“I, as a Cardinal in Mindanao, in Cotabato have to be a servant. I hope to be a man of peace in this broken land.. to promote harmonious relationship not only among the tri-peoples of Mindanao but also with members of other faiths. I have to be a promoter of integral development,” Quevedo said adding the need to “free people from everything that oppresses the people.”
He called on other Bishops in Mindanao to support one another and “think of the common good, not only four our diocese.”
He ended his homily by reading a Psalm he wrote while in Baguio, while on retreat after he was named Bishop in 1980.
After communion, the Papal Nuncio spoke and delighted the crowd with his speech laced with Cebuano and Ilonggo.
President Aquino spoke from his podium from 6:32 p.m. to 6:39 p.m. but his message could hardly be understood from those in the front area. The President was accompanied to the Cathedral by Defense Secretary Voltaire Gazmin, Local Governments Secretary Mar Roxas, Budget Secretary Butch Abad, Presidential Adviser on the Peace Process Teresita Quintos-Deles, ARMM Governor Mujiv Hataman and Maguindanao Governor Esmael “Toto” Mangudadatu. Former Ilocos Sur Governor Luis “Chavit” Singson was also present. He was governor when Quevedo was assigned as Archbishop of Nueva Segovia in Vigan, Ilocos Sur.
At the “Parangal sa Cardinal” testimonial dinner at the South Seas Mall convention center after the mass, the Oblates of Mary Immaculates’ I-watch presented a video titled “The Cardinal from the Margins” and another video from wellwishers, Plastered on the walls of the convention center were a chronicle of photographs of the Bishop across his half-a-century service as priest, Muslims also preformed songs during the intermission.
[caption id="attachment_53854" align="alignleft" width="640"] “Selfie” with the Cardinal. MindaNews photo by Toto Lozano[/caption]
Thanking the guests in a 27-minute speech that showed the Cardinal’s unique sense of humor and his attempts to be discovered as a singer, Quevedo said he went around the tables for photo sessions with the guests because he would have “hidden under the table listening to these very embarrassing eulogies.”
“Is that really who I am?” the Cardinal asked.
He announced that “tonight, I will write my letter of resignation to the Pope,” as mandated by Canon Law when a Bishop reaches the age of 75, and would give it to the Papal Nuncio on Wednesday morning.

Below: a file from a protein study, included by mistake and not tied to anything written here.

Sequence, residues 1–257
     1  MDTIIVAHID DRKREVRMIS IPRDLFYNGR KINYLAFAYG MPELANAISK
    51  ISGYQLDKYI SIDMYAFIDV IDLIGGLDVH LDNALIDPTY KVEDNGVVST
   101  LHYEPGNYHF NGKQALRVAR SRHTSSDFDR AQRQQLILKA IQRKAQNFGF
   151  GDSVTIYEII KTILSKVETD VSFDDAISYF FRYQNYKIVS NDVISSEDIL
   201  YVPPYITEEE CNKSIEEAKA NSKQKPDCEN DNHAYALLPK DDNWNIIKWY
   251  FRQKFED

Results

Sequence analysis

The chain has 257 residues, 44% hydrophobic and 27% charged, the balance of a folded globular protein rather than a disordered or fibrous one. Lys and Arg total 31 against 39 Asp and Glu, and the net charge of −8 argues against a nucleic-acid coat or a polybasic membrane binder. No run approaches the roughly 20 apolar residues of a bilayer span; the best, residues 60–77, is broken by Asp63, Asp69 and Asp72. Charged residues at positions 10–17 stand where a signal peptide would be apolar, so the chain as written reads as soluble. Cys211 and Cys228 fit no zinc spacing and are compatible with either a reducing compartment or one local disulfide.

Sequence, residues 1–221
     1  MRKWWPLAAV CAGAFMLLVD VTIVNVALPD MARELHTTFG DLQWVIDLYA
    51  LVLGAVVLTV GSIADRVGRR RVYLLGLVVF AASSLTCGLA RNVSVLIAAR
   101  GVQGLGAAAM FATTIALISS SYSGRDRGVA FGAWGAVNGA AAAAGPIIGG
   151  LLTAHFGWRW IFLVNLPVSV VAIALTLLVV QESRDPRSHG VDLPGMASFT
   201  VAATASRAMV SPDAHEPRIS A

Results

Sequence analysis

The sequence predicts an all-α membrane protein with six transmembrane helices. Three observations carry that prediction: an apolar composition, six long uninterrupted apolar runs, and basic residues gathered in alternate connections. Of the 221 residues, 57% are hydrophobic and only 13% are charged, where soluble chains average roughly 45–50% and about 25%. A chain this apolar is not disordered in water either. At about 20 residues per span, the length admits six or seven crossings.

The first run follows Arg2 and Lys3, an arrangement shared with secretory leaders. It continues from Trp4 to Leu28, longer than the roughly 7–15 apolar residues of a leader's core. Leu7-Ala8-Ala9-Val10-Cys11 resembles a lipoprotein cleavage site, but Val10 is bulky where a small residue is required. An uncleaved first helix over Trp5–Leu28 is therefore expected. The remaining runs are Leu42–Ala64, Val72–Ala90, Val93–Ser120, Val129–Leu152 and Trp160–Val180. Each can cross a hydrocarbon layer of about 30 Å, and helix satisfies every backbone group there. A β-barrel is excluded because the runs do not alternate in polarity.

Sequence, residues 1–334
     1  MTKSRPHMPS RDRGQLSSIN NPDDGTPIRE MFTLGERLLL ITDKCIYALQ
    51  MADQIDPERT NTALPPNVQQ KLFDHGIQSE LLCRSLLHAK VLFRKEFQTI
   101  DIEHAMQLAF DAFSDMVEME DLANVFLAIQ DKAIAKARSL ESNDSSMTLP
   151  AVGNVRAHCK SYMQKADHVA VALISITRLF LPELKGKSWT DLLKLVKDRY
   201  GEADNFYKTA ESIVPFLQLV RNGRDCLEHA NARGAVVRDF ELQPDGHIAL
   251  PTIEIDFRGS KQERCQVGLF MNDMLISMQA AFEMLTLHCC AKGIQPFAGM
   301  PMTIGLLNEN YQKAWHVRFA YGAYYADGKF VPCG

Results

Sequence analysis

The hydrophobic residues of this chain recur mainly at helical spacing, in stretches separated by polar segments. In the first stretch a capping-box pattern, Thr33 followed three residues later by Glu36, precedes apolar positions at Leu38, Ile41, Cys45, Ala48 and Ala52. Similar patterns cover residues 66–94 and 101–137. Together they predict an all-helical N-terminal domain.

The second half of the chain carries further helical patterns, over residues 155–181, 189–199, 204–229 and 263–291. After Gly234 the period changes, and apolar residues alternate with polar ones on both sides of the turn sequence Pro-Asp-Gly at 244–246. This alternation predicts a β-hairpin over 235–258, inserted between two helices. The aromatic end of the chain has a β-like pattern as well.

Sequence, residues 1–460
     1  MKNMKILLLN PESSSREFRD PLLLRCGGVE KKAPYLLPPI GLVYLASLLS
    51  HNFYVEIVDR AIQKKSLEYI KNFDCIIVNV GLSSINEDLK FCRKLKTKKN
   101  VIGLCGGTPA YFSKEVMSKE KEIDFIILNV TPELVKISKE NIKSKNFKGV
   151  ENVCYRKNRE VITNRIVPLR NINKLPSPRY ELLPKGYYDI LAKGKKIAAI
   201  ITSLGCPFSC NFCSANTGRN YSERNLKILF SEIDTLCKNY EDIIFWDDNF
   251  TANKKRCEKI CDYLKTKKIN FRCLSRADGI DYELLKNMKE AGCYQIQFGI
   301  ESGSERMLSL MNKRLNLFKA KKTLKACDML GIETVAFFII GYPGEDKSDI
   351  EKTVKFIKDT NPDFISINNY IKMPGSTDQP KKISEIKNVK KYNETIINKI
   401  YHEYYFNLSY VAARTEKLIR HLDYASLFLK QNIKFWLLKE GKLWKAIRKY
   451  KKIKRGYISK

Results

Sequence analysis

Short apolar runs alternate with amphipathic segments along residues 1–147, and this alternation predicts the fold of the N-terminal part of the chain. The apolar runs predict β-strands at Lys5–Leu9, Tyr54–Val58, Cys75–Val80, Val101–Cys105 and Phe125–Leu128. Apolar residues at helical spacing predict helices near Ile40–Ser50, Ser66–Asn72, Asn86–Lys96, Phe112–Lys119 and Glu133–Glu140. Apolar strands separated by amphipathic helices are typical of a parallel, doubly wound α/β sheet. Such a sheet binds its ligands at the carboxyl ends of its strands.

The Papal Nuncio, he said, will forward the letter to Pope Francis with a note on whether or not he is still in good health, and probably the Papal Nuncio will sense the advent of dementia or Alzheimer’s disease in him because he would tell him “I wrote this letter and if he asks what is it, I would tell him I don’t know, I forgot what it is but it must be important nonetheless.”
He thanked “in particular my friends in the Bangsamoro,” referring to two representatives from the Moro Islamic Liberation Front and Bainon Karon, former OIC Vice Governor of the Autonomous Region in Muslim Mindanao, from the Moro National Liberation Front.
“Pray for me”
He urged Mindanawons from all faiths to “pray for me” to be a “holy, wise, humble, generous and zealous Cardinal.”
He admitted having shed tears while preparing for the Consistory on February 22, when the Filipino community sang during mass the song “Kunin mo o Diyos, at tanggapin mo…” and shared how Cardinal Luis Antonio Tagle, the Archbishop of Manila who failed to come to Cotabato City because of an ailment, greeted him after that mass in Rome “and he began crying on my shoulders and we were both crying.”
He said at certain moments in his life, he is moved to tears, particularly when he hears the song, “Be not afraid.”
At the community in the afternoon mass, the Cardinal was at the center aisle giving the hosts to parishioners but a few minutes later, somebody took over.
He left the center aisle because “they were singing that song.”
He recalled how his first reaction to the news that he was going to be Cardinal was “shock then fear.”
“Fear continues even now,” he confessed and again asked the audience to “pray for holiness, wisdom, humility, generosity and zeal.”
He then led the singing of Salve Regina and wasn’t able to leave the convention center immediately due to requests for souvenir photos. (Carolyn O. Arguillas / MindaNews)